The role of WHO in public health
WHO fulfils its objectives through its core functions:

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providing leadership on matters critical to health and engaging in partnerships where joint action is needed; shaping the research agenda and stimulating the generation, translation and dissemination of valuable knowledge; setting norms and standards and promoting and monitoring their implementation; articulating ethical and evidence-based policy options; providing technical support, catalysing change, and building sustainable institutional capacity; and monitoring the health situation and assessing health trends.

UNICEF The UNICEF was established in 1946 as the United Nations International Children’s Emergency Fund to give emergency relief to children in countries affected by the Second World War. It is now a permanent body called the United Nations Children’s Fund. However, the original abbreviation UNICEF is still used to refer to it. The UNICEF has its headquarters in New York.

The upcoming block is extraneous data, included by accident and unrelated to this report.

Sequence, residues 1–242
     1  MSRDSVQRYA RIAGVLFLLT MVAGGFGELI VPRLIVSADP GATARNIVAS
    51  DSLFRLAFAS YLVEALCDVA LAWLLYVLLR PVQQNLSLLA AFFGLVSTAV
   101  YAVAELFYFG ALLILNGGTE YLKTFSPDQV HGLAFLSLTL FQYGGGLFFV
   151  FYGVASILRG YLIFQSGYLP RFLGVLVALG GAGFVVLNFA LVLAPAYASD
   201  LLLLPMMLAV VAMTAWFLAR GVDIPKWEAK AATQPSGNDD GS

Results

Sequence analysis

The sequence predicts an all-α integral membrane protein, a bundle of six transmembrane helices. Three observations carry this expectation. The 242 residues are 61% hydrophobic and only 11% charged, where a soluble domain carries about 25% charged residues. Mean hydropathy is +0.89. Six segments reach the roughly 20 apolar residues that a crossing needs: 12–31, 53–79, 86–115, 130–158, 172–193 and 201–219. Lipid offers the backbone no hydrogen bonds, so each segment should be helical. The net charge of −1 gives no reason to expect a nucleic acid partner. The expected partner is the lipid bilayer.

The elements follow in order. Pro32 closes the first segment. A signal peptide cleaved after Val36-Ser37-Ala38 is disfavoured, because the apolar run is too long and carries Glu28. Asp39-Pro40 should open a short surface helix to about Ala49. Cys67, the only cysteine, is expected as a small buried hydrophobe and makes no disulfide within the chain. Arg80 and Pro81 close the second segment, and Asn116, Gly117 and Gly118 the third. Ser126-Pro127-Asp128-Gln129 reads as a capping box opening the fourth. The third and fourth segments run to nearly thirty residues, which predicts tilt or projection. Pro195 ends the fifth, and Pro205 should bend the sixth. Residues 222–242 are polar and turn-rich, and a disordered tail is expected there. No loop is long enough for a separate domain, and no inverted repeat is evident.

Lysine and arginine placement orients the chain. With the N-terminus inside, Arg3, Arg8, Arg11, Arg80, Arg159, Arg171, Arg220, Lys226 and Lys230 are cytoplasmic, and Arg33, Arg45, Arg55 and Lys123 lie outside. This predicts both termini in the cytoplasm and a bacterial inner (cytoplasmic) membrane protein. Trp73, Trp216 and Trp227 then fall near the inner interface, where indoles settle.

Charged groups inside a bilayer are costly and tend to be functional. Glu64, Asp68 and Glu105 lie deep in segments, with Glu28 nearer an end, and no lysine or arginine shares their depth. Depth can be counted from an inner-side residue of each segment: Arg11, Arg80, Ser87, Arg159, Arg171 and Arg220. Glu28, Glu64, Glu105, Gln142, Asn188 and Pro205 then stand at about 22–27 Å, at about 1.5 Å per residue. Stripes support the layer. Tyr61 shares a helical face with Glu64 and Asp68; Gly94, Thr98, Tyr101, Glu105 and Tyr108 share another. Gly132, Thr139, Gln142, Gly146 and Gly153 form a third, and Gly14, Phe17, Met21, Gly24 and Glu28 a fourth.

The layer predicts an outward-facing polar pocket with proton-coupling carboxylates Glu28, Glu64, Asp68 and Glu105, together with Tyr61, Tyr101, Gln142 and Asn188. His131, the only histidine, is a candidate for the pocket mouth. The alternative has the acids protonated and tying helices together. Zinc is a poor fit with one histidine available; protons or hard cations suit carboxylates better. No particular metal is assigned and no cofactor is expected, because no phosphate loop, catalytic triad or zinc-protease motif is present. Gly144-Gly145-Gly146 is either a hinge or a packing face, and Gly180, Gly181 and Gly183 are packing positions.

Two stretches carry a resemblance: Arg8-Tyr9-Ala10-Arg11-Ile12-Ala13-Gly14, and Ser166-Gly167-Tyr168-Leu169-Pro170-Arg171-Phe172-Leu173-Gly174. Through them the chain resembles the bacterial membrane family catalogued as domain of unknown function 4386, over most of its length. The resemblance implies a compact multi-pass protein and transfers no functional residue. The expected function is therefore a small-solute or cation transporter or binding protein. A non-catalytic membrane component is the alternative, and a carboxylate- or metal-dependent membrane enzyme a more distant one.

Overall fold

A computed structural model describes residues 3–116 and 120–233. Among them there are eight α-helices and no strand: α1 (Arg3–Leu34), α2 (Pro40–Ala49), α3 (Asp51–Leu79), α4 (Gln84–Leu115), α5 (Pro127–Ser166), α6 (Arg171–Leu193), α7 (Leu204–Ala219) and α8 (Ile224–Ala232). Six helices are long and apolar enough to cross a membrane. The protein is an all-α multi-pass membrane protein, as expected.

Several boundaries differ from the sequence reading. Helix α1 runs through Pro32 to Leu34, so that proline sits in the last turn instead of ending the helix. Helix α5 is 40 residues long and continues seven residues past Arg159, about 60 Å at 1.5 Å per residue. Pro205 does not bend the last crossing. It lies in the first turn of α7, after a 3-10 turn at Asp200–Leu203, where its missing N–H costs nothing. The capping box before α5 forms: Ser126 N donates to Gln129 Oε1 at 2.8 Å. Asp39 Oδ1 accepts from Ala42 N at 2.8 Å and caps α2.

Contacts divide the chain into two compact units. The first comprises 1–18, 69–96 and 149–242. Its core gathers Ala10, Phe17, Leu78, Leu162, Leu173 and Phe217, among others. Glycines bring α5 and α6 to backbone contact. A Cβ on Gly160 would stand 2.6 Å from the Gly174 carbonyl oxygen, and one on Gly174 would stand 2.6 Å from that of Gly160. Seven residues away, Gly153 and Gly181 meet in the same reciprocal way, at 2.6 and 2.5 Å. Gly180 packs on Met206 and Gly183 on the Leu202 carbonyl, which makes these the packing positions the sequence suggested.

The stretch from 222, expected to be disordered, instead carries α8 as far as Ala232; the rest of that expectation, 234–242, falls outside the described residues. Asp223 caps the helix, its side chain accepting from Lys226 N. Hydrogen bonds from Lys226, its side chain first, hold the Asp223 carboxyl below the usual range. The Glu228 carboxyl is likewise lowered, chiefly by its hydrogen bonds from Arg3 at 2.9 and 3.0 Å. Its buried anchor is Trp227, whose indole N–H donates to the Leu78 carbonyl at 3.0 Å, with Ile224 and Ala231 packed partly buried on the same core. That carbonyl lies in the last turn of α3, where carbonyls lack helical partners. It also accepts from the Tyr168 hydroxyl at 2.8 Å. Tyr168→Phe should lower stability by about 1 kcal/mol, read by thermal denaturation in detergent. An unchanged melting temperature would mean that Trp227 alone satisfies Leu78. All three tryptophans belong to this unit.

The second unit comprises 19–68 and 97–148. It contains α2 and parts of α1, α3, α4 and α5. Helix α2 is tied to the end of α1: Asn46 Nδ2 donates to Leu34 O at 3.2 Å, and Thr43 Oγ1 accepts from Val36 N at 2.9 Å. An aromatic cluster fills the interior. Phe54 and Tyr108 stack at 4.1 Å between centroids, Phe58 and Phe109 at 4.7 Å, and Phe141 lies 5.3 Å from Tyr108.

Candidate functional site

Today, the UNICEF seeks to improve the quality of life of children and mothers in less developed countries. It arranges for training volunteers in the care of mothers and infants, and funds projects for providing clean water, immunisation against diseases, sanitation facilities and education facilities. The UNICEF also creates awareness against child labour, exploitation of children and discrimination against the girl child.